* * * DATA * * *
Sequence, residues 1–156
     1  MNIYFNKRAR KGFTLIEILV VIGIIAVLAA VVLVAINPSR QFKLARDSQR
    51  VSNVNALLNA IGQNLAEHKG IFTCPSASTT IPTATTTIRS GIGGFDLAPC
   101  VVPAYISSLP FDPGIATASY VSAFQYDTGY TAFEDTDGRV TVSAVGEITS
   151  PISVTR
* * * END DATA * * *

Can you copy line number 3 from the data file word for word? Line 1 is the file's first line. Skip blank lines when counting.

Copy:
    51  VSNVNALLNA IGQNLAEHKG IFTCPSASTT IPTATTTIRS GIGGFDLAPC